Payment Card and Third Party Network Information Reporting. The proposal requires information reporting on payment card and third party network transactions. Payment settlement entities, including merchant acquiring banks and third party settlement organizations, or third party payment facilitators acting on their behalf, will be required to report the annual gross amount of reportable transactions to the IRS and to the participating payee. Reportable transactions include any payment card transaction and any third party network transaction. Participating payees include persons who accept a payment card as payment and third party networks who accept payment from a third party settlement organization in settlement of transactions. A payment card means any card issued pursuant to an agreement or arrangement which provides for standards and mechanisms for settling the transactions. Use of an account number or other indicia associated with a payment card will be treated in the same manner as a payment card. A de minimis exception for transactions of $10,000 or less and 200 transactions or less applies to payments by third party settlement organizations. The proposal applies to returns for calendar years beginning after December 31, 2010. Back-up withholding provisions apply to amounts paid after December 31, 2011. This proposal is estimated to raise $9.802 billion over ten years.

It staggers the mind to ponder just how many freedoms are taken away from us every year by our illustrious Congress. An average of 300 bills are passed and signed into law during each Congressional term. For every provision like this that we catch, how many do we miss out of thousands of pages of legislation that go through every year?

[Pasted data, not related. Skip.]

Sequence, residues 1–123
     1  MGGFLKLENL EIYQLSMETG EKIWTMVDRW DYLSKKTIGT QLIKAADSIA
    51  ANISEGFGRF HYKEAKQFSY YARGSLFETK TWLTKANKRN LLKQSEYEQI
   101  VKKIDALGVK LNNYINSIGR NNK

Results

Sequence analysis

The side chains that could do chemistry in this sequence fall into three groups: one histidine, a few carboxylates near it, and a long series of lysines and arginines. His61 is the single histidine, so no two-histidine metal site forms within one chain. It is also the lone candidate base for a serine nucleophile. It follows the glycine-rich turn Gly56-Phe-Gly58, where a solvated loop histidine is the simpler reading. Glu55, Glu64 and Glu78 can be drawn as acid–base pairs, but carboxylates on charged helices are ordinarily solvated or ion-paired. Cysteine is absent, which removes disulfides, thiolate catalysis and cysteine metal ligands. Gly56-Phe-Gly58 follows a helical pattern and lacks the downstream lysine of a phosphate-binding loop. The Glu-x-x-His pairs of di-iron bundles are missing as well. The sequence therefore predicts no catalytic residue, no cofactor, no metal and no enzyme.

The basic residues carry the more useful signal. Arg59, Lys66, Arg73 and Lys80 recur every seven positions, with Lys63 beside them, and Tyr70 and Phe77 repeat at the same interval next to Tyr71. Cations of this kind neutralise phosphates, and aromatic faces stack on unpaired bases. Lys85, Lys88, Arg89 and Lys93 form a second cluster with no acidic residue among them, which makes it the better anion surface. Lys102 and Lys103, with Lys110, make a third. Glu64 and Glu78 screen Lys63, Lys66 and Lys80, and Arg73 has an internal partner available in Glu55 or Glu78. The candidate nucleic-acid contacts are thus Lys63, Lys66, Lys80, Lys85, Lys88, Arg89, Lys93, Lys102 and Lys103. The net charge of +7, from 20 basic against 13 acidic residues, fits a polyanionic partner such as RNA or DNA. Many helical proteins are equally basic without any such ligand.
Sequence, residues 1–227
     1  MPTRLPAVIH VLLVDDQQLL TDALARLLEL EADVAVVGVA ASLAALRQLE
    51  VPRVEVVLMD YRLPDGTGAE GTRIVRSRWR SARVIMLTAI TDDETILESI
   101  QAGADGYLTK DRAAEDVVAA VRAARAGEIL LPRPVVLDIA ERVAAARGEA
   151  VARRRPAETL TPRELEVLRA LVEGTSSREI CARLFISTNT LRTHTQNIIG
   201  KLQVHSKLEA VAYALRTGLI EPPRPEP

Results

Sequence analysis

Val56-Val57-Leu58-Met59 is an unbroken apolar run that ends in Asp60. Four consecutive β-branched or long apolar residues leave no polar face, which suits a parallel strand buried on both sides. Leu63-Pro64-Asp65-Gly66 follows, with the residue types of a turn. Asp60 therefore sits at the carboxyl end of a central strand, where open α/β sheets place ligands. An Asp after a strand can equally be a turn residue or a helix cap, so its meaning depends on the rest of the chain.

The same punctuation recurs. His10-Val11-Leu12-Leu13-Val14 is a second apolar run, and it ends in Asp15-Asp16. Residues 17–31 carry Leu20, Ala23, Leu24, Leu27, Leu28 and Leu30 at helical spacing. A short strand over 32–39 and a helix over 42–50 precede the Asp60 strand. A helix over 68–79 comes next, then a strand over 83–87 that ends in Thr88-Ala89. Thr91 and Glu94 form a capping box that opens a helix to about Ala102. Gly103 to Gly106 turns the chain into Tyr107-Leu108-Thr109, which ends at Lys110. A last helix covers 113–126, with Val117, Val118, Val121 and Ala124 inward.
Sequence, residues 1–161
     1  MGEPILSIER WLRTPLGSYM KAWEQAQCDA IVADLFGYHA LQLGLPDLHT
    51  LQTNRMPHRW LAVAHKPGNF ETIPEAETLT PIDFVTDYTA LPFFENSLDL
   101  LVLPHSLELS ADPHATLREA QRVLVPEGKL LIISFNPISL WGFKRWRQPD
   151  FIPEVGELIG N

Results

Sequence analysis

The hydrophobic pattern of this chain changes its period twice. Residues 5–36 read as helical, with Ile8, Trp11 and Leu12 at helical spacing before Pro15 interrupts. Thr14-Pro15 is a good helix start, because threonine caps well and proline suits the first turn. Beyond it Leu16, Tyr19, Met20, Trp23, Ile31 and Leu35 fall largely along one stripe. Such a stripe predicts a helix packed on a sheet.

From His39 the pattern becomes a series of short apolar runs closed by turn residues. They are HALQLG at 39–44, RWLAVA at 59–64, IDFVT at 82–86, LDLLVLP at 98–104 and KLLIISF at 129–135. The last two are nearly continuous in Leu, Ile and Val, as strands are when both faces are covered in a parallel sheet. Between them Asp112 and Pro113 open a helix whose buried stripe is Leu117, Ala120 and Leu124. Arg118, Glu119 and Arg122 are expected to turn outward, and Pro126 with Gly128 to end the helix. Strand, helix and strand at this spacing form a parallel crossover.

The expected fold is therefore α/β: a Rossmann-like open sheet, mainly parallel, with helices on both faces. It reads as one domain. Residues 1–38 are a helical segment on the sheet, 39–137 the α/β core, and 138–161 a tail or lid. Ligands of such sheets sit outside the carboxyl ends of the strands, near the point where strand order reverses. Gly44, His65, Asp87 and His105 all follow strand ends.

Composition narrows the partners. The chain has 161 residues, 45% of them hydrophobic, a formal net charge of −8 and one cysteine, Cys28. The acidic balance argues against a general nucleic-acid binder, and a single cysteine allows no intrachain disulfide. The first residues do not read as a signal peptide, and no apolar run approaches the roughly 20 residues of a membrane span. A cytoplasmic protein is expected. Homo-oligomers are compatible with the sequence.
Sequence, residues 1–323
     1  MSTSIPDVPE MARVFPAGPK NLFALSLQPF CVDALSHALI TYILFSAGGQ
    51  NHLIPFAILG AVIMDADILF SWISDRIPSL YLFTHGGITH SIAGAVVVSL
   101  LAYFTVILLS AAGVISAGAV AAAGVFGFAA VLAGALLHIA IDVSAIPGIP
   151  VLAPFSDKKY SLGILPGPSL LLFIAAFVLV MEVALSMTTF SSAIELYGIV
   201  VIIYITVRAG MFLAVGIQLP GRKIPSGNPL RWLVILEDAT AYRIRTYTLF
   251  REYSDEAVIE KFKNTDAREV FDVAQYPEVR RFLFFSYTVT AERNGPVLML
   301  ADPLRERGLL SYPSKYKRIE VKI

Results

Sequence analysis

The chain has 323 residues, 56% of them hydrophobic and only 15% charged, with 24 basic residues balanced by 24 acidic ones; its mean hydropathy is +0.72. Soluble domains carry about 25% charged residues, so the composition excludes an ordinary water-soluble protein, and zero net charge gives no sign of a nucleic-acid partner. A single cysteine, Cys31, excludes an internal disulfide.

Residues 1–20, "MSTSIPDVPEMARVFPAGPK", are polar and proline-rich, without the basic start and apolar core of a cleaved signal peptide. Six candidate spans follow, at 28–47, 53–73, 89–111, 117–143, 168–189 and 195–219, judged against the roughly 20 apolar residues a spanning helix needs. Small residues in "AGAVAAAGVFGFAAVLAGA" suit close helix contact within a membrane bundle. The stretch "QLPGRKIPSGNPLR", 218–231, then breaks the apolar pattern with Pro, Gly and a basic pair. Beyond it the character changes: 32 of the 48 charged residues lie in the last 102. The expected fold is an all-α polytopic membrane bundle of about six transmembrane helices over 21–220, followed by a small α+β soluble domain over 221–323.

Big Brother is watching, folks… time to start watching back.

Mighty Senate to ease our housing fears

Worried about your house? Fear not, mortals. Once again your government is coming to rescue you from the sinister forces of the mortgage industry:

U.S. Senate finance committee leaders said they had reached an agreement on a bill to provide about $500 million in help for troubled U.S. mortgage holders.

The primary goal here is to keep people in their homes,” said Sen. Christopher Dodd, D-Conn., chairman of the Senate Banking, Housing and Urban Affairs Committee.

Thank you Democrat Senator Dodd. People of the dependency class that make up your voter base are no doubt wiping tears of gratitude from their eyes after being reassured that once again big bro has their backs.

The money would go to expand offerings of government-insured mortgages, The New York Times reported Tuesday.

The plan also has tentative Bush administration approval because it doesn’t tap directly into taxpayer dollars.

The program would be financed by the Federal National Mortgage Association and the Federal Home Loan Mortgage Corporation.

Sounds just peachy. But notice the wording — this plan “doesn’t tap directly into taxpayer dollars”. This means that we get to hang onto our green… for now. But what if Freddie and Fannie one day find themselves insolvent? Who will bail them out? That’s right, ultimately we the people will once again foot the bill for the boneheaded investments of others. Not officially stated but… let’s face it, we’re supporting this turkey.

Nobel Laureate in economics, Vernon L. Smith agrees with this assumption and in fact believes that these two agencies are at the root of housing bubbles in the first place. In a WSJ article from Dec. 2007, he had this to say.

Under the Senate deal, the start-up funds would come instead from an affordable-housing fund capitalized by mortgage giants Fannie Mae and Freddie Mac, which were created by the government but are owned by public stockholders. This august body has long forgotten that it set the stage for housing bubbles by creating those implicitly taxpayer-backed agencies, Fannie Mae and Freddie Mac, as housing lenders of last resort.

By implicitly taxpayer-backed agencies, Smith means that you and me are the unspoken, unofficial safety net should these two mortgage giants find themselves in trouble. Who else is going to do it? Warren Buffet? George Soros? Ha!

And be assured that any bill that congress passes to “fix” this mess will ultimately be a temporary, election year band-aid. It’ll be like duct tape on a plumbing leak — might hold it long enough for the plumber to… geez, I’m starting to sound like Ross Perot here.

So what’s the answer, then? We are in a correction — let it play it’s course. Sure it will be a bumpy ride but it is ultimately a healthy thing when idiots are weeded out of any market. Conversely it is very unhealthy to reward stupid investors. It only encourages them to make more… say it with me… stupid investments.